Family • Umbelliferae - Petroselinum sativum

Other scientific names

Petroselinum crispum
Petroselinum hortense
Carum petroselinum
Apium petroselinum
Petroselinum sativum

Common names

Common parsley
Garden parsley
Rock parsley
Petroselini herba


Additional Sources and Suggested Readings

(1) Evaluation of antioxidant activity of parsley (Petroselinum crispum) essential oil and identification of its antioxidant constituents / Hui Zhang et cal / Food Research International Vol 39, Issue 8, October 2006, Pages 833-839 / doi:10.1016/j.foodres.2006.03.007

(2) Effects of parsley (Petroselinum crispum) on the liver of diabetic rats: a morphological and biochemical study / S Bolkent et al / Phytotherapy Research • Volume 18 Issue 12, Pages 996 – 999 / DOI 10.1002/ptr.1598

(3) Diuretic and hipotensive activity of aqueous extract of parsley seeds (Petroselinum sativum Hoffm.) in rats / Kleber Eduardo de Campos et al / Rev. bras. farmacogn. vol.19 no.1a João Pessoa Jan./Mar. 2009 / doi: 10.1590/S0102-695X2009000100010

Petroselinum crispumBotany
Biennial herb with thin, erect, grooved and angular stems. Leaves are bi- or tri-laterally divided, dark green. Flowers are greenish yellow compound umbels.


Part utilized
Leaves, seeds and roots.

Constituents and properties
• Considered diuretic, emmenagogue, laxativer, hypotensive and tonic; seeds, carminative.
• Considered antibacterial, antiinflammatory, antioxidant.
• Contains apiol and myristicin which stimulates uterine contraction. Extracts of apiol have been tried as abortifacient.


Tea and juice of the plant used for dropsy, gonorrhea, asthma, coughs and painful menstruations.
Also used for gallstones.
Decoction of seeds used for killing scalp vermin; dried powdered leaves sprinkled on hair or used as ointment for lice.
Bruised leaves applied to contusions.
Juice of leaves used for blepharitis and conjunctivitis.
Poultice of leaves for stings and bites.
Elsewhere, used for dysuria.
Used to induce menstruation.
Decoction of fruits and seeds used for colic, indigestion and intestinal gas.
In Israeli traditional medicine, seeds used for kidney stones and impotence.
In the French pharmacopeia, root and leaves are used for dysmenorrhea and menstrual cramps.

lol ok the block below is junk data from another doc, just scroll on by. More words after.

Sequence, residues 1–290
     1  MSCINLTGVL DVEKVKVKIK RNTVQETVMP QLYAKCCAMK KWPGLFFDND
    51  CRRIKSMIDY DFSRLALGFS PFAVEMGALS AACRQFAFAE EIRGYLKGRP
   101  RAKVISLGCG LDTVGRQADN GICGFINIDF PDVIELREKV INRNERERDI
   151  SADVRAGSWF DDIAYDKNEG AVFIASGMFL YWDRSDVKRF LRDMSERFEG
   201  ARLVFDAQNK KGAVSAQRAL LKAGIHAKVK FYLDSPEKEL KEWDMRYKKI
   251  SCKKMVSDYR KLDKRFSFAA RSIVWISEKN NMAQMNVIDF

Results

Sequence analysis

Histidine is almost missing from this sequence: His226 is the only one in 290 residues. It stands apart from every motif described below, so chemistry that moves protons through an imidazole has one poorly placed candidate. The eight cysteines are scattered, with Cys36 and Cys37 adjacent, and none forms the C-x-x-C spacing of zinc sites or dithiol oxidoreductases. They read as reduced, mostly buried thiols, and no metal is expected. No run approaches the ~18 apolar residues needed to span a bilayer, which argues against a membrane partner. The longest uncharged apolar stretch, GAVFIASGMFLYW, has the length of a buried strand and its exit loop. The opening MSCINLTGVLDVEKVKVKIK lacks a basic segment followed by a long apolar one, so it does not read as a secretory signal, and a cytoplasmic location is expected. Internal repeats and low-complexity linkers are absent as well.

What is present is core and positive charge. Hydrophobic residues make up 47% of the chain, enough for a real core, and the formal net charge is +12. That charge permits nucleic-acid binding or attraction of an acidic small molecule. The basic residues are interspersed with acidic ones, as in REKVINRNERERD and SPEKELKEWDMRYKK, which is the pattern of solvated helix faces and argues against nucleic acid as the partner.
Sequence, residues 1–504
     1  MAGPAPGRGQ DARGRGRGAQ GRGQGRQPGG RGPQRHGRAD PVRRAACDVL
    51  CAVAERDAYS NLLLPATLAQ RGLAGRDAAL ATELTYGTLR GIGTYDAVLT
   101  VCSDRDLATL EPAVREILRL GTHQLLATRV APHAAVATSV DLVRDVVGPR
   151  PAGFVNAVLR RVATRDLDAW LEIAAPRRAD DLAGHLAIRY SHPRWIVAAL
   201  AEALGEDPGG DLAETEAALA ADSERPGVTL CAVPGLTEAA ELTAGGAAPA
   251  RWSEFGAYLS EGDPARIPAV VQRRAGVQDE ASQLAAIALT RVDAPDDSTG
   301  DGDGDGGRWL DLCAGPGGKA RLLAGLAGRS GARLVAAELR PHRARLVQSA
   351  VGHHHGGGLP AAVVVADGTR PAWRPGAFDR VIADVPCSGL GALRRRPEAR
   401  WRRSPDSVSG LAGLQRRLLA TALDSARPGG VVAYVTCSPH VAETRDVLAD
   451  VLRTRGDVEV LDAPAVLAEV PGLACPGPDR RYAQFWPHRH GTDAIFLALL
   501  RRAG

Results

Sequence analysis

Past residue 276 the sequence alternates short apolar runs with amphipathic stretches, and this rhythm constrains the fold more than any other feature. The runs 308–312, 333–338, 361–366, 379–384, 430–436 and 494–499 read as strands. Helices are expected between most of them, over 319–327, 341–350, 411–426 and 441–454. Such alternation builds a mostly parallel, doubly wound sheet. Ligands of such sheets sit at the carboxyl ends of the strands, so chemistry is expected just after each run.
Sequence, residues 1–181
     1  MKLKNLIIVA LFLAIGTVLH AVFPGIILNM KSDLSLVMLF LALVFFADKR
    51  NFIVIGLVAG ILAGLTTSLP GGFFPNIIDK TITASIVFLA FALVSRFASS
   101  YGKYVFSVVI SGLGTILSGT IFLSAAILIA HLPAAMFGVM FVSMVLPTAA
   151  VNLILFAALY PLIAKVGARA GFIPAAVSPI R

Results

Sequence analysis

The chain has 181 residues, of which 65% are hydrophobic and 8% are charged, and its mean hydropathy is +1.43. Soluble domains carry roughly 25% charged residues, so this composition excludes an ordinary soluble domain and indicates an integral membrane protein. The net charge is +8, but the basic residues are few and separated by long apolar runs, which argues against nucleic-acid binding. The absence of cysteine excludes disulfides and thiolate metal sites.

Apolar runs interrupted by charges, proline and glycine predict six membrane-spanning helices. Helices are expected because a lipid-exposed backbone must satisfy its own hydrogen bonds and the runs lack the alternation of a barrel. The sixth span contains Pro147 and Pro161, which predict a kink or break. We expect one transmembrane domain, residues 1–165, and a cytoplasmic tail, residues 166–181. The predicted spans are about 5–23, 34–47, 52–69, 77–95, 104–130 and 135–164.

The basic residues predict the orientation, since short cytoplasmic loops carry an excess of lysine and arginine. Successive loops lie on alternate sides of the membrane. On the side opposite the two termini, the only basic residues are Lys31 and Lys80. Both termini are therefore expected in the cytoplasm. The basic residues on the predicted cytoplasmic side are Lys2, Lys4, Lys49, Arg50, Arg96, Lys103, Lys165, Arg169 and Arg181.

In Turkey, used to reduce blood glucose.
In Brazil, used as a diuretic.
A popular decorative green sprig on restaurant entrees.

Study Findings
• Antioxidant: Study showed that parsley oil possessed a certain degree of antioxidant activities in terms of ß-carotene bleaching and free radical scavenging, with negligible metal chelating capacity. Myristicin was found to be the dominant compound that exhibited a moderate antioxidant activity. Results showed PO can be a potential alternative source of natural antioxidants.
• Hepatoprotective: Study showed that parsley has a significant hepatoprotective effect in diabetic rats.
• Antibacterial: Study of P crispum extract showed inhibitory effect at various concentrations against Gram-positive and Gram-negative bacteria. It showed inhibitory effect against Br melitensis, E coli and B lichiniformis. Results confirm its use in folk medicine.
• Diuretic / Hypotensive: Study of the aqueous extracts of parsley seeds showed diuretic and hypotensive effects in anesthetized Wistar rats, confirming its traditional use in Brazil as a herbal diuretic.

Likely safe when used in foods.
Classified GRAS (Generally Recognized As Safe) in the US.
Pregnancy: Likely unsafe. High concentrations are contraindicated during pregnancy because it can be a potential abortifacient and a uterine and menstrual flow stimulant.
Parsley oil, ingested orally can cause severe side effects because of the apiole and myisticin constituents.
Contraindicated in patients with kidney inflammation or disease.
Toxicity includes hemolytic anemia, thrombocytopenic purpura, nephrosis, hepatic dysfunction and kidney irritation.
Source. Natural Medicines. Comprehensive Database

Essential oil in the cybermarket.